Resembling the progeny of a skateboard and an iPhone 4, the B.One Hub is the fastest wireless smart home automation hub, according to Accumulus Energy Group chief executive Anup Raghavan (pictured). Accumulus is handling the product in Australia, including local R&D and support.
It uses dedicated chipsets to work with a variety of standards: Wi-Fi, GSM/GPRS, Z-Wave, Zigbee, and Bluetooth LE.
The inclusion of infra-red capability means it is also capable of controlling a wide range of "dumb" devices such as air conditioners, TVs and other home entertainment products. This is the reason for the distinctive shape – it makes it more likely that at least one of the eight IR transmitters will align with a destination device.
It works with more than 200 devices, according to Blaze Automation chief executive Sridhar Ponugupati (US and India-based Blaze is the company behind the device), more than 80 of which have been tested and certified.
However, Accumulus has already been training electricians and others to install and commission the product, especially where integration with wired-in devices such as light switches and motorised blinds is required.
The system uses "military grade" encryption for communication between mobile apps and the Hub, the Hub and devices, and the Hub and the cloud, said Ponugupati.
While the Hub allows the remote control of connected devices from iOS or Android phones and tablets, it also supports sequences of commands, which are known as 'actions'. So a "wake up" action might switch on selected lights and the kettle, and disarm the security system in the kitchen and family room.
It's possible to restrict functions to particular users. This could be useful to prevent children changing the heating or aircon settings, Raghavan suggested.
But here's where things get really clever: a proprietary AI engine will learn patterns of use and suggests actions to automate them, Ponugupati explained.
Eventually it will be smart enough to realise that, for instance, the family has left home for the day leaving the air-conditioning running, and take the appropriate action. "We want things to happen autonomously," said Raghavan.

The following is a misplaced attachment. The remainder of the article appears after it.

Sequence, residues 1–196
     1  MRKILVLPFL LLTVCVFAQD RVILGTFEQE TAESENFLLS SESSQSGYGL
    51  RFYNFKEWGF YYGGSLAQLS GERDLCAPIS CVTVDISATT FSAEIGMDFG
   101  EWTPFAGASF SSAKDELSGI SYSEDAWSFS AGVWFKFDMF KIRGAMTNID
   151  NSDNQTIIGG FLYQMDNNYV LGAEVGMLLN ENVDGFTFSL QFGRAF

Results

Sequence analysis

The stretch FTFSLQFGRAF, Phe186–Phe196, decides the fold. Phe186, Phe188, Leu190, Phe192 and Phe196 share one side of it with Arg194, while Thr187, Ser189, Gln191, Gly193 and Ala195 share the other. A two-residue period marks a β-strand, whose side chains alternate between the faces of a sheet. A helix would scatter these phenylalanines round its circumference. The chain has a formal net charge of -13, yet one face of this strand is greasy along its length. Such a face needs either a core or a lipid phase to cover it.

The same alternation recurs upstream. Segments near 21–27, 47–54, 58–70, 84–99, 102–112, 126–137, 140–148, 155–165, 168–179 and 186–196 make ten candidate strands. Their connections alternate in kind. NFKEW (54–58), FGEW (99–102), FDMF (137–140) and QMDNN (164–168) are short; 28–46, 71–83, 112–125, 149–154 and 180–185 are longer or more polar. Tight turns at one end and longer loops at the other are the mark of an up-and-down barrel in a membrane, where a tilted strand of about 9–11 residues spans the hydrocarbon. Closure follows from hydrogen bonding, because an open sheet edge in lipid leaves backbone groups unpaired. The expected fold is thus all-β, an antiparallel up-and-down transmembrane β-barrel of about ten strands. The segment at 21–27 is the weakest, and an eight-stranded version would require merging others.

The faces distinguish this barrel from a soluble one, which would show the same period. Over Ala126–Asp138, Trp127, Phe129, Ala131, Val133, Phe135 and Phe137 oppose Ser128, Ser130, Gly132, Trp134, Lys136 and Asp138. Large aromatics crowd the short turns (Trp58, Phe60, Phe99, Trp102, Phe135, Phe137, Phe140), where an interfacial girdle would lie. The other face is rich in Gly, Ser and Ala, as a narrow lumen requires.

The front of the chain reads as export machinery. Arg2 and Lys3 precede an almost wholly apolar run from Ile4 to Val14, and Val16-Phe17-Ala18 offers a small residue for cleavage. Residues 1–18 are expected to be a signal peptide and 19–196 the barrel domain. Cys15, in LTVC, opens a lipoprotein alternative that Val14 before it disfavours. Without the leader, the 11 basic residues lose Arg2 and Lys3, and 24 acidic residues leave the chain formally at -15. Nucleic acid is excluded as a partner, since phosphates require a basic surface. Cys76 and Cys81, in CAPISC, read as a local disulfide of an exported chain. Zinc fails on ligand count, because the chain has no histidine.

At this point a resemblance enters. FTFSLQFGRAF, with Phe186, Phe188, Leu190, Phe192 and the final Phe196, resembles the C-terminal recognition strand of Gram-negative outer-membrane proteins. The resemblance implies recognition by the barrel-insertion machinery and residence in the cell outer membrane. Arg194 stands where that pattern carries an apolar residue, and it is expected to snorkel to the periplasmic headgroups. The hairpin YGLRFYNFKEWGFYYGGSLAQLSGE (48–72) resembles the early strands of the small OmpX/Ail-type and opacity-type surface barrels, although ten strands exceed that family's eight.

The Hub can also be controlled by voice, via Amazon's Echo smart speaker. Support for Google Home is planned. Examples demonstrated to the media included "Alexa, turn off the fan", "Alexa, turn off the TV", and "Alexa, turn on goodnight" (the 'goodnight' action lowered the blinds, turned off the lights, and so on).
The company is also developing "probably the world's first chatbot" for controlling a home, Ponugupati said. A pre-release version allows users to type in commands or pick operations from a list (eg, kitchen lights on/off).
Additional technologies will be added through software, with DLNA support slated for 2018.
In addition to general home automation and AV control, Accumulus sees assisted living as a significant market for the Hub.
B.One Hub is being launched first in Australia, and distributor B1 Smart Home Automation has set up the first B.One Hub experience centre. Located in Mitcham in Melbourne's eastern suburbs, the centre lets potential resellers and customers see the system at work, controlling lights, blinds, entertainment equipment and more.
B.One Hub Elite costs $650, or $1250 (about $1500 including installation) with two smart sensors (wireless door and windows switches) and two wireless motion sensors. A cheaper version of the Hub, without Zigbee or BLE, costs $550.
Raghavan estimates that an average three-bedroom home can be fitted with the Hub and around 30 wireless devices for about $5000, including installation.
Local distributors can be found by calling 1800 180 810 or via the local website.